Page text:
Three successful cases all share some common characteristics; none of the girls were bitten by a dog – the carrier for the most fatal strain of rabies to humans – and all three girls tested positive for a rabies antibody – not the actual virus. This suggests that their immune systems had most likely already mounted a defence, and cleared the virus – one that seems to be a weak strain of rabies, unlike the virulent strain produced by dogs. This links in with what researchers have known for years – that some animals in the wild survive rabies independently, due to their own immune systems being strong enough to fight the virus. Dr Craig Hooper and Bernhard Dietzschold’s experiments on mice, show that the blood-brain barrier had allowed immune cells to attack the rabies virus in the brains of the subjects; the immune system can clear the virus from the central nervous system. They hold the view that recovery is possible, even after infection of the brain. [7]

The Thomas Jefferson University researchers have also suggested that the weaker strains can be identified by the immune system, quite quickly, as they are less efficiently cloaked. The weaker strains tend to have glycoproteins on their surfaces to which antibodies bind more easily, thus granting B and T lymphocytes access to the brain.

While most research has shown that the virus affects the release of neurotransmitters (supporting Willoughby’s reasoning), there is still debate due to some autopsies showing widespread neuronal loss and tissue necrosis in rabies victims.

Once symptoms are visible, it is clear the virus has reached the central nervous system and that there is no other treatment (experimental or not); the Milwaukee protocol would be the last possible chance of survival. However, the protocol introduces the risk that doctors may not be able to take the patient out of the coma, or they might suffer from severe neurological problems after waking up, despite successfully battling the virus. Therefore, it is thought that more money should be spent researching better diagnosis techniques, to identify the infection sooner and so allow increased use of PEPs, or even look for alternative treatments. Health officials believe doctors fall back on the Milwaukee protocol, thus impeding efforts to find new treatments. Subsequently, they have ‘blacklisted’ the protocol to encourage experimentation – leading to different treatment options. An example being successful injection of live forms of the weak rabies strains, to already infected mice, to allow the clearing of the infection on their own – an alternative to the Milwaukee protocol for those who do not realise that they have the virus, until symptoms appear. [8]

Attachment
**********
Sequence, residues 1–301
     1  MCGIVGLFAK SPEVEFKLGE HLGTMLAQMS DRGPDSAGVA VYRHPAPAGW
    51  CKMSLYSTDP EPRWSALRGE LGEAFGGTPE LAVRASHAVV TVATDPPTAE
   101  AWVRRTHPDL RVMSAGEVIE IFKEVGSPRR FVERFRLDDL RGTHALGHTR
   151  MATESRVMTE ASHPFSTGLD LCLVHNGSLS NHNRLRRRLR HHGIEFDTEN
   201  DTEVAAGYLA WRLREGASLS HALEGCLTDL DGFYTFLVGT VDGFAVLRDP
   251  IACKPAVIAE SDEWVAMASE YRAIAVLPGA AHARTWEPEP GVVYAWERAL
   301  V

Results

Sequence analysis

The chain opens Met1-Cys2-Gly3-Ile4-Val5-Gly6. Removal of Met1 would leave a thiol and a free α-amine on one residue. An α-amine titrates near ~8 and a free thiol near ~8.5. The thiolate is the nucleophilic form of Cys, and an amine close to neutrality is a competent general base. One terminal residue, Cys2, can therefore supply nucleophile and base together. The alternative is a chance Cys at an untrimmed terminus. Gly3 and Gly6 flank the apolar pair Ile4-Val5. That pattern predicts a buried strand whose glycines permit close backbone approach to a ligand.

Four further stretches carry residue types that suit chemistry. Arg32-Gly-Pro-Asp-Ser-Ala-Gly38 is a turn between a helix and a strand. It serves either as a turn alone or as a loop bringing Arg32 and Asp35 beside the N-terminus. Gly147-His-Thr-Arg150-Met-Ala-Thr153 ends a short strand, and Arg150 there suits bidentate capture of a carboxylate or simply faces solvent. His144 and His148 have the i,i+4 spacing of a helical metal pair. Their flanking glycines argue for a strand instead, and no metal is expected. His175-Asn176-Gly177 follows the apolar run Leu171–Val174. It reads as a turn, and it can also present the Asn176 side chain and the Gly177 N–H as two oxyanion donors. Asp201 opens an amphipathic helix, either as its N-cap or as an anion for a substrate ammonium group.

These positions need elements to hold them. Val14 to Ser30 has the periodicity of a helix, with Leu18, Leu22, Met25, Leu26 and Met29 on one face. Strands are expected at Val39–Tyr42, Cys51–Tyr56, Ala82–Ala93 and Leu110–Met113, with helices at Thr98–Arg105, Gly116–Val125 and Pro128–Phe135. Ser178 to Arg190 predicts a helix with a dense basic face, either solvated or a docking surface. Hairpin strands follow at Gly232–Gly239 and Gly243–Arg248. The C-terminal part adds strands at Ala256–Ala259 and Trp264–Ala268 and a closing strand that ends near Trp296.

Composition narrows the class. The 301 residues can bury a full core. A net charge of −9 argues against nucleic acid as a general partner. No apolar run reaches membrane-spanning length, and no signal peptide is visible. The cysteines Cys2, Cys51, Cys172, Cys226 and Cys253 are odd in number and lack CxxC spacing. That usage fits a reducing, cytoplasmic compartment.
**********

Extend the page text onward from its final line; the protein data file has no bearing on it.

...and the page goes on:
As a result, I believe the Milwaukee protocol is a success for only a certain subgroup of patients; those infected by a weak strain of rabies that already have an immune system strong enough to produce extremely high levels of antibodies rapidly. The Milwaukee protocol should only be used on patients whose virus has been identified as a weak strain, not virulent, to save money that could instead be spent on developing new ideas to combat the virus, and discovering new treatments.


  1. Juliadhomstad, “No Rabies Treatment After All: Failure of the Milwaukee Protocol”, The Pandora Report, May. 1, 2014
  2. Tara C. Smith, “What Happens When You Get Rabies? An Epidemiologist Explains”, Self, Jan. 24, 2019
  3. Robert Herriman, “Rabies survivor: Milwaukee protocol saves Brazilian teen”, Outbreak News Today, Jan. 12, 2018
  4. “Jeanna Giese”, WikiDoc, Sep. 4, 2012
  5. “The Milwaukee Protocol is applied on a human rabies case in the USA”, Esanum, Jan. 22, 2018
  6. Anil Kumar Agarwal, “The ‘Milwaukee protocol’ (MP) hope does not succeeds for rabies victim”, Medical Journal of Dr. D.Y. Patil Vidyapeeth, Mar. 14, 2017;year=2017;volume=10;issue=2;spage=184;epage=186;aulast=Agarwal
  7. Ferris Jabr, “Rabies may not be the invincible killer we thought”, NewScientist, Jun. 21, 2011
  8. “Should the Milwaukee protocol be used as a treatment for Rabies?”, A Closer Look at your Health, Sep. 29, 2013